Can blockchain turn hotel program nightmares into sweet dreams? BCD Travel thinks so.

BCD and its partners are experimenting with how blockchain can add accuracy, efficiency and simplicity to hotel commission reconciliations.

Cumbersome expensing processes, incomplete traveler profiles and inaccurate bills—these are the kinds of complexities that hinder robust hotel program management and undermine traveler experiences and corporate budgets. BCD Travel is partnering with travel tech company Travelport and IBM on a solution.

The companies are experimenting with ways blockchain can simplify back-end corporate travel processes, specifically hotel commission reconciliation, which ensures all providers who work together to deliver travel experiences are compensated.

What is blockchain?

Blockchain is basically a digital ledger that stacks transactions in a chronological sequence. Each transaction becomes a block of data that’s encrypted for security. Every time a new transaction is made, a new block of information gets added to the chain.

These individual blocks of information can’t be modified. Need to add more data? Add another block to the chain. Blockchain collects the full story of the sequence of transactions, so the data is indisputable. It independently reports information to multiple parties. Data transparency and process efficiencies get much, much better.

An industry disruptor

BCD, Travelport and IBM have discovered that complex hotel commission processes can be accurately and quickly settled by using a blockchain-enabled ledger to store and distribute the data that determines hotel commissions.

Marwan Batrouni, Vice President of Global Hotel Strategy, BCD Travel

“Currently, management of hotel data is a challenge—and not just for BCD Travel. Hotel data is a challenge across the board,” said Marwan Batrouni, vice president of global hotel strategy for for the travel management company. “The traveler can modify their booking multiple times, leaving room for information to go missing. For example, if a traveler arrives and then extends a hotel stay, that information might not make its way back to us as booking data. But with blockchain technology, we can capture the data from other sources, so there are no gaps. This greatly improves reconciliation of hotel commissions and ensures our clients are getting accurate bills.”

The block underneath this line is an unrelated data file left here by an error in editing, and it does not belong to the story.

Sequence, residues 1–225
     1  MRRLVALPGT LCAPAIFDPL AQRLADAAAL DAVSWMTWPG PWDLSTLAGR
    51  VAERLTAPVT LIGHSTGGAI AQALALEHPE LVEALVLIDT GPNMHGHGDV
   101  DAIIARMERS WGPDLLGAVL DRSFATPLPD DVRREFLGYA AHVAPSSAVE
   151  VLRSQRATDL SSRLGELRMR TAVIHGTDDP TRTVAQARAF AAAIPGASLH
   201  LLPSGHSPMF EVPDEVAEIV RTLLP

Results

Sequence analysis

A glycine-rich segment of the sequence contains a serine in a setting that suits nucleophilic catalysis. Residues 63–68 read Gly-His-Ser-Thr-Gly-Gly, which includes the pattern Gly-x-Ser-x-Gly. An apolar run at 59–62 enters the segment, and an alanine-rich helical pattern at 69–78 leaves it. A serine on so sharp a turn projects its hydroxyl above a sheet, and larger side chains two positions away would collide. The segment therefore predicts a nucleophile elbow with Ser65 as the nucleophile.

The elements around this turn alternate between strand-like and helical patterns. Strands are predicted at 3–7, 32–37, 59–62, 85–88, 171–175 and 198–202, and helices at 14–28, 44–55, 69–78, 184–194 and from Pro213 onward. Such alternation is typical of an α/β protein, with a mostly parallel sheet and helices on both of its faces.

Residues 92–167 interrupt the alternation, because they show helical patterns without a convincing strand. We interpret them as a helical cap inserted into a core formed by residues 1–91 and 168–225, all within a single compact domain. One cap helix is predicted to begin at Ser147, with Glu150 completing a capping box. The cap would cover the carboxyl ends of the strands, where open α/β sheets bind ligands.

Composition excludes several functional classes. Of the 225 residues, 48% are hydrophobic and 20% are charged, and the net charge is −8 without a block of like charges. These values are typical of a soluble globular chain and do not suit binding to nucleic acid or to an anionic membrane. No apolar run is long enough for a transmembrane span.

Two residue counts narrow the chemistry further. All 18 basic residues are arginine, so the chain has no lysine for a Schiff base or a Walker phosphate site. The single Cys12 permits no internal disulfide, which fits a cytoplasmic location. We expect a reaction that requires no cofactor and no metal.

Blockchain improves transparency and reporting because it captures data from:

  • Non-card payments
  • TMC settlements
  • Anywhere, anytime money transfer
  • Improved reporting
  • Greater transparency

“Blockchain has the potential to provide real ROI with hotel commission settlements and benefits to corporate travel programs,” said Travelport’s Ross Vinograd. “With travelers having endless options for accommodations, a booking alone is not enough to provide a commission to an agency or TMC. With blockchain, we’re able to reduce costs and ease burdens for all parties involved by improving transparency, accuracy and efficiencies to enhance the process.”

Focusing on travelers

Several major hotel brands are participating in the BCD-Travelport-IBM project. They see benefits in streamlining back-office processes and in using reconciliation data that companies and travelers trust. Blockchain has the potential to significantly decrease the time spent creating and haggling over bills.

“The hours spent addressing dollars in dispute or the timeliness and accuracy of information allows all participants to focus on what matters most: the traveler,” said Kurt Wedgewood, who leads IBM’s blockchain initiatives in North America.

And that, Wedgewood said, is the real value of blockchain: “Global distribution companies and providers are shifting their never-ending work of reconciliation to a period of adding new experiences and insights for the traveler.”

How to reduce the pain of expense management

Check out BCD Travel’s latest Inform paper, Payment and Expense, Emerging Technology and Travel Management. The paper includes a timeline for when travel managers can expect to begin using the new technologies and addresses potential challenges associated with their implementation.

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